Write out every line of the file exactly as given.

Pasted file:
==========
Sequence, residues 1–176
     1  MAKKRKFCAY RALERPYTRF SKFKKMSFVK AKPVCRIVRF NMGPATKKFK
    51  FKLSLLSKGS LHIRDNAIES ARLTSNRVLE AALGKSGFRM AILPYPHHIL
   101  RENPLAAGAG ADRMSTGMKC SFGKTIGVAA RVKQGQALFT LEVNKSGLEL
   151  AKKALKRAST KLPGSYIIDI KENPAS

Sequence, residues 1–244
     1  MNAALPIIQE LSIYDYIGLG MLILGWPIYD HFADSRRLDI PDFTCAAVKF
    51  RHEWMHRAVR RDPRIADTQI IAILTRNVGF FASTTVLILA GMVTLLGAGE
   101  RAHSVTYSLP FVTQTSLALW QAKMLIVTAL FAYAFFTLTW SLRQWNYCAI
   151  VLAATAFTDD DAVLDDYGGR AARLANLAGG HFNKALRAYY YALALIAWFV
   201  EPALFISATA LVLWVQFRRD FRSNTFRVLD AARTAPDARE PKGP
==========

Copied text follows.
Sequence, residues 1–176
     1  MAKKRKFCAY RALERPYTRF SKFKKMSFVK AKPVCRIVRF NMGPATKKFK
    51  FKLSLLSKGS LHIRDNAIES ARLTSNRVLE AALGKSGFRM AILPYPHHIL
   101  RENPLAAGAG ADRMSTGMKC SFGKTIGVAA RVKQGQALFT LEVNKSGLEL
   151  AKKALKRAST KLPGSYIIDI KENPAS

Sequence, residues 1–244
     1  MNAALPIIQE LSIYDYIGLG MLILGWPIYD HFADSRRLDI PDFTCAAVKF
    51  RHEWMHRAVR RDPRIADTQI IAILTRNVGF FASTTVLILA GMVTLLGAGE
   101  RAHSVTYSLP FVTQTSLALW QAKMLIVTAL FAYAFFTLTW SLRQWNYCAI
   151  VLAATAFTDD DAVLDDYGGR AARLANLAGG HFNKALRAYY YALALIAWFV
   201  EPALFISATA LVLWVQFRRD FRSNTFRVLD AARTAPDARE PKGP